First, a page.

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When we think about bathroom safety those of us around in the 80’s think about the elderly and the TV commercial for LifeCall where the older woman is lying on the bathroom floor and calls out “Help, I’ve fallen and I can’t get up!”. It’s true the elderly are intrinsically more at risk of bathroom falls than the younger, stronger generation who have better balance and righting reactions, but the environmental risk factors that send our parents to the hospital with a broken hip are the same for us and could land us on our keisters calling out those memorable 8 words.

                                              

According to Public Health Agency of Canada, “One third of community-dwelling Canadian seniors experience one fall each year and half of those will fall more than once. The likelihood of dying from a fall-related injury increases with age; among seniors, 20% of deaths related to injury can be traced back to a fall. Nearly half of all injuries among seniors occur at home. The bathroom and stairs are particularly hazardous due to the risk of slipping, tripping and stumbling.”

 

You can use these tips to make your bathroom safe for anyone to use, at any age:


1. Prepare all supplies in or near the shower or bath before you bathe. For example, lay the towel on the toilet or stool close to the shower or tub so you don’t have to lean out of the tub and reach up to the towel rack which may be more than an arm’s reach away.


2. Remove any loose mats on the floor as they present a trip hazard. Instead use only a mat with grippy backing to step onto out of the bath.


3. Remove rubber bath mats in the tub as they present a trip hazard and instead use adhesive no slip decals on the bottom of the tub.


4. Remove sliding glass doors into tub and replace with shower curtain and rod for full access to the tub.


5. The highest risk for falling happens as you step into the tub and all weight is on one foot. To prevent having to step into the shower, consider using a bath chair or bench so you sit on the chair and then swivel and lift your legs into the tub one at a time. Bath chairs can eliminate all falls that occur in standing. Reserve bathing on the bottom of the tub for those achy body days or when you need an at home spa treatment.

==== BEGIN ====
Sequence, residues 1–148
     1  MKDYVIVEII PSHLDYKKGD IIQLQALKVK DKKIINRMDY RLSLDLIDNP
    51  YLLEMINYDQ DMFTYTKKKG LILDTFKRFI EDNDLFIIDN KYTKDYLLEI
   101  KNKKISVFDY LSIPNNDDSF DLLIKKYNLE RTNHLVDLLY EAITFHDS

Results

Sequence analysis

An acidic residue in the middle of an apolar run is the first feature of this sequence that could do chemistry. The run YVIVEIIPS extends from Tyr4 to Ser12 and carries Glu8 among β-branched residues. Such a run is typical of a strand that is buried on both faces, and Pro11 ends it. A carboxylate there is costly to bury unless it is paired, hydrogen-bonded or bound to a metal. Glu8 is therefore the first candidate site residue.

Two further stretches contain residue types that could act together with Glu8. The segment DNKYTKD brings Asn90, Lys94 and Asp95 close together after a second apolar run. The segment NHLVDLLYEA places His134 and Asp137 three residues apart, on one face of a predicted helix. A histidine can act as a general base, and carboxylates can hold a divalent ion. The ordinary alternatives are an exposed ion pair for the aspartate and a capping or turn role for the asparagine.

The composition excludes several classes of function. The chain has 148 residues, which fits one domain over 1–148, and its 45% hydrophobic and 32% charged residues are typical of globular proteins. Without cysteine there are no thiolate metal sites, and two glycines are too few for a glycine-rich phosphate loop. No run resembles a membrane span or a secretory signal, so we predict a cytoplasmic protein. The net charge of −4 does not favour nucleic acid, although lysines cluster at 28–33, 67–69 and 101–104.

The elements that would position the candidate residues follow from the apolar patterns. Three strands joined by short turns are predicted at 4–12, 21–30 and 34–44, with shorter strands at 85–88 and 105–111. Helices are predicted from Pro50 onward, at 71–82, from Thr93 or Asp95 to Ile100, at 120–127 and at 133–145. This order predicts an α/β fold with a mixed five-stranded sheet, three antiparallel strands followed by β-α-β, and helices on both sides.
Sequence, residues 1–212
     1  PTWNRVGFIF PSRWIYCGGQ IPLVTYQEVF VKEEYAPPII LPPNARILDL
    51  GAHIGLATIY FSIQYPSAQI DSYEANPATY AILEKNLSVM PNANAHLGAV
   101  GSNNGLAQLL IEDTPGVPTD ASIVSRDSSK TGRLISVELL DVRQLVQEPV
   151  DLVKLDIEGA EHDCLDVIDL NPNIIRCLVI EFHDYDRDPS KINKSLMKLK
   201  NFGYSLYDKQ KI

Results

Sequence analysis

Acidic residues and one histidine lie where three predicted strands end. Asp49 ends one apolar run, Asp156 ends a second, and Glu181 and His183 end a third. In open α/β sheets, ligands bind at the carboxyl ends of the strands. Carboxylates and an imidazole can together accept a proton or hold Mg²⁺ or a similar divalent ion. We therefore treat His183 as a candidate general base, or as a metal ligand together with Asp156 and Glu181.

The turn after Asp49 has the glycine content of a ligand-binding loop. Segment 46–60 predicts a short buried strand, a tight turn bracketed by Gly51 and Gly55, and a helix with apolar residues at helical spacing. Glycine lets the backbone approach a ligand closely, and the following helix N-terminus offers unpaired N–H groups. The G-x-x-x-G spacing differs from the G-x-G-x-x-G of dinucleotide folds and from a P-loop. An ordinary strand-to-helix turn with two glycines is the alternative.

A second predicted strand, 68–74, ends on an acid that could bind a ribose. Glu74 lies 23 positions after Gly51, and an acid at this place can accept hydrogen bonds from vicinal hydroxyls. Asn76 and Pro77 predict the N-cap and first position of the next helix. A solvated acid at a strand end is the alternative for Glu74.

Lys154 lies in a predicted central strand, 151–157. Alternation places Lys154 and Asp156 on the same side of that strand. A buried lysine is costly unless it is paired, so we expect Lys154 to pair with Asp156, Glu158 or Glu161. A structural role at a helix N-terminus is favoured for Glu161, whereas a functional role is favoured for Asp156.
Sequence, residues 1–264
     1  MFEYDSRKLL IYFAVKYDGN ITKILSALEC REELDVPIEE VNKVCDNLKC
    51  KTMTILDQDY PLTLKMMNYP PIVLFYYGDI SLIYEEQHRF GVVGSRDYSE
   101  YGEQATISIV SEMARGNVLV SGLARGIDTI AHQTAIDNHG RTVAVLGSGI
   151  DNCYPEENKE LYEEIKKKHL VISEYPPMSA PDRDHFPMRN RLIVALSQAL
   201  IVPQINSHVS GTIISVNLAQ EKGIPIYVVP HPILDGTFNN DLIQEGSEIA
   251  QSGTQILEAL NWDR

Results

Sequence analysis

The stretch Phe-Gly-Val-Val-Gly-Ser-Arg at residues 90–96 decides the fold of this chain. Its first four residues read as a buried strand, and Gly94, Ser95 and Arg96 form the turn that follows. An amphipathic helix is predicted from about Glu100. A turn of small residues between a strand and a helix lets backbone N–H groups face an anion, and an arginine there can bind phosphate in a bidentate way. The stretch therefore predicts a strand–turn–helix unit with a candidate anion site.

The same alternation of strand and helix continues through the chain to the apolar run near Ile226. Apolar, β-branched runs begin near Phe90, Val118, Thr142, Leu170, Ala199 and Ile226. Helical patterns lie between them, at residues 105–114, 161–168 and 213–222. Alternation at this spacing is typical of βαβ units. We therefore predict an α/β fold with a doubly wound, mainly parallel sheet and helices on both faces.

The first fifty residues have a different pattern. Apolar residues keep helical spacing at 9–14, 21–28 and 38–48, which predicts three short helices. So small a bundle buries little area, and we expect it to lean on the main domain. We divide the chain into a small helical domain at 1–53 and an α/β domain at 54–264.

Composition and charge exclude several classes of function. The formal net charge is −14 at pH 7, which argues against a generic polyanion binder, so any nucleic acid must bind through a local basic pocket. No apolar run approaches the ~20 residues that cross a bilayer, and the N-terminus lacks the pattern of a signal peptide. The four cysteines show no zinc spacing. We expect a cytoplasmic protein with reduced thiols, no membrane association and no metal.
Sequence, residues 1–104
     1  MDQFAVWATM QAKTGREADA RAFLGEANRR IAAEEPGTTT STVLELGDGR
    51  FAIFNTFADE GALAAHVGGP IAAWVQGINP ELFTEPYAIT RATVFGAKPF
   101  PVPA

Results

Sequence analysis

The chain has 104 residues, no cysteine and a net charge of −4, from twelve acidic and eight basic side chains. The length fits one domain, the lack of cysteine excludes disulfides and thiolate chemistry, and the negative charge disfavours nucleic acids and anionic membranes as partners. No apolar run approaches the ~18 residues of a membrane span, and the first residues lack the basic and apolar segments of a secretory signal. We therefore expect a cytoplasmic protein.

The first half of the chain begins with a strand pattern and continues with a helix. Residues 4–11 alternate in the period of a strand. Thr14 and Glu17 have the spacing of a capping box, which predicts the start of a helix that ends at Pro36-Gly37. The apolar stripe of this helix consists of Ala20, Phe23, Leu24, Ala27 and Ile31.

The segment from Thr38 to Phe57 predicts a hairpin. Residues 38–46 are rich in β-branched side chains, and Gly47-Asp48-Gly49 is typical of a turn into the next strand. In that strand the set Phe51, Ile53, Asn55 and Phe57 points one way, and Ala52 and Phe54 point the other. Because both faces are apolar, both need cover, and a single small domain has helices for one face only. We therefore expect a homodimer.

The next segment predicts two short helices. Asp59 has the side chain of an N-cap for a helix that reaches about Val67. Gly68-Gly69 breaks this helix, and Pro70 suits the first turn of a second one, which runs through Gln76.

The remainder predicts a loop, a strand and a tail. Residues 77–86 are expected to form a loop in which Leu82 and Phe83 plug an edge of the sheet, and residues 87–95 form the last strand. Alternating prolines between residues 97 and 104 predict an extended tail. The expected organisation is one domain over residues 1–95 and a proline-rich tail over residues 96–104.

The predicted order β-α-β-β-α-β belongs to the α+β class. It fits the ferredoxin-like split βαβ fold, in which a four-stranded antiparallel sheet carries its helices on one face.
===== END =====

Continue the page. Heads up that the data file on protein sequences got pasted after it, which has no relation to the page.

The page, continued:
6. Install a hand held shower head so you can access it when sitting on the bath chair and have it hanging down before you get into the tub so you don’t have to stand to access it once in the tub.


7. Do not use towel racks as grab bars as they are not designed to withstand our body weight. If you or someone in your home is using the towel rack or facecloth bar for support, remove and replace with a grab bar designed for bathroom safety and ensure installation meets safety standards.


8. Try siting on the toilet or stool to dry off and eliminate standing and lifting up one leg to dry when wet and slippery.

 

We are not too young to be safe in the bathroom and teaching our kids these tricks will create safe behaviors and prevent injuries from occurring at home.


Grab Bar Guidelines

 

 

Marnie Courage, Reg. O.T. (MB)

Managing Director

Enabling Access

marnie@enablingaccess.ca

 

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